Atlanta Braves Top Franchise Managers– #2 Bobby Cox
The Atlanta Braves manager at number two on the list is undeniably the best manager since the team moved from Boston to Atlanta via Milwaukee.
I suspect Atlanta Braves fans and most Milwaukee Braves fans who followed the team south expected Bobby Cox to top the list. After all, Cox’s 21-year run in his second shot as Atlanta manager ties him with Tommy Lasorda for the fourth longest stay as a manager in baseball history.
However, there are other considerations, as you’ll see when we publish number one on the list.
Bobby the boy
Robert Joe “Bobby” Cox was born in Tulsa, Oklahoma, on May 21, 1941. His family moved to California in 1944 and settled in the San Joaquin Valley, where he attended Selma High School and, according to his SABR biography, became a Cardinals fan watching their minor league team in Fresno.
“I became a huge Cardinals fan and I can remember as a little kid cutting out the newspaper Stan Musial pictures. My idol growing up was Stan Musial.”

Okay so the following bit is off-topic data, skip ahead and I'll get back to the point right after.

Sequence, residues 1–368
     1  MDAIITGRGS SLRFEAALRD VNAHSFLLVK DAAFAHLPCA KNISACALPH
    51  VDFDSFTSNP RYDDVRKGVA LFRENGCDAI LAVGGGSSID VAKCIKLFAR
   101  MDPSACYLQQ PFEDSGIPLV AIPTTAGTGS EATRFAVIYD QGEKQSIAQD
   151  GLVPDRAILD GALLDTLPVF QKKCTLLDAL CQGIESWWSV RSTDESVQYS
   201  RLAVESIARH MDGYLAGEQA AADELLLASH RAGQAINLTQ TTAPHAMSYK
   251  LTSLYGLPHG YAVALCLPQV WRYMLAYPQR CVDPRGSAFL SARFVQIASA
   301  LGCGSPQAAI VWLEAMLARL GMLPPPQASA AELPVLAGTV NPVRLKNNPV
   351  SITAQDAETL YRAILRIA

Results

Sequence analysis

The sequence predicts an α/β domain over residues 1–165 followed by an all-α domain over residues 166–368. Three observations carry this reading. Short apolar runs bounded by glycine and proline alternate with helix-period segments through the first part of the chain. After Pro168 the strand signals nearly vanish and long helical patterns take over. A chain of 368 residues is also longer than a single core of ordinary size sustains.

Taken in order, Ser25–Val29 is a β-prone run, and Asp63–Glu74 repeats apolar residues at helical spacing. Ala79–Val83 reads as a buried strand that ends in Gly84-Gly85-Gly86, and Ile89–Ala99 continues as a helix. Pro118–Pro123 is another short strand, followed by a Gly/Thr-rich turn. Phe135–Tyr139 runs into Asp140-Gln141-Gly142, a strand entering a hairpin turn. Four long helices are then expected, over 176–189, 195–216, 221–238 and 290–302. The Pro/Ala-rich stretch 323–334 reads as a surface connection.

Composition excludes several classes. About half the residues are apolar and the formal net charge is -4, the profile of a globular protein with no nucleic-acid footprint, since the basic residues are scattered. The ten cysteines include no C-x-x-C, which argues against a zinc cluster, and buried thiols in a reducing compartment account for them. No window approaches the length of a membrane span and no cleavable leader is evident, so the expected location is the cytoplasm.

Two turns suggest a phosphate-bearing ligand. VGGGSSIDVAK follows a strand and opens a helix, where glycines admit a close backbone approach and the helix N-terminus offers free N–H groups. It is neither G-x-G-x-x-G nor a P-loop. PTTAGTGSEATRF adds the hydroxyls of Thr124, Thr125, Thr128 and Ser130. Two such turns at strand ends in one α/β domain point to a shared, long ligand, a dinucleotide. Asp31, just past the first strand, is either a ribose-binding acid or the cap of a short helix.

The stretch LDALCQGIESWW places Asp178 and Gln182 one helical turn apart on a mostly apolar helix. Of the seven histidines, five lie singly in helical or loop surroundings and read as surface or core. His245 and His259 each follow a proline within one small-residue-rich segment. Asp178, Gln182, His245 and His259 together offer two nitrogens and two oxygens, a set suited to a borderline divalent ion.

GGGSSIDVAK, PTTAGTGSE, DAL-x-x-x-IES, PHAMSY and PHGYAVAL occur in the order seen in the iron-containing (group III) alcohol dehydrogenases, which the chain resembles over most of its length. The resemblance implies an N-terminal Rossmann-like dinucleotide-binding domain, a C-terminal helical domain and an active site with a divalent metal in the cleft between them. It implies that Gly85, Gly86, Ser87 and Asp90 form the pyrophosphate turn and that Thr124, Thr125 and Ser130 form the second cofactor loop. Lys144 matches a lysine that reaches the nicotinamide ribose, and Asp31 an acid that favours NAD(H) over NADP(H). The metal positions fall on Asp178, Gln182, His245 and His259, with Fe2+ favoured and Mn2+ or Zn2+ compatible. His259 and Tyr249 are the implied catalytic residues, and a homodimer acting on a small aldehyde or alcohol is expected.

Cox was a three-sport athlete in high school and for Reedley Junior College but dreamed of becoming a Major League player and later a football coach.
Baseball Dream Realized
The Dodgers signed Cox in 1959 and paid a $40K bonus for the privilege. Cox. He remained in the Dodger system through 1964, when the Cubs selected him in the minor-league draft. The Cubs traded him to the newly minted Atlanta Braves in 1966, and the Braves swapped sent him to the Yankees after the 1967 season.
Most of us remember Bobby as a manager with creaking knees, but over his eight minor league seasons, he was a good-looking prospect, batting a combined .279/.360/.457/.817, including 198 doubles, 39 triples, 116 homers, and stole 79 bases in 99 attempts.
The Yankees brought him up in 1968 and gave him a chance to play alongside fellow Oklahoman Mickey Mantle. He later told Charles Bethea of Atlantic Magazine it was the thrill of his life.
. . . that was Mickey Mantle’s last year. I couldn’t wait to meet him (played) alongside Mickey — that was a big thrill. Mantle . . . tried to help me as much as he could. … (asked for) his most memorable moment with Mantle. . .Cox said, “We turned a triple play, the last triple play the Yankees had. Mickey was playing first.”
Knee injuries and illness forced him out of the game after the 1970 season.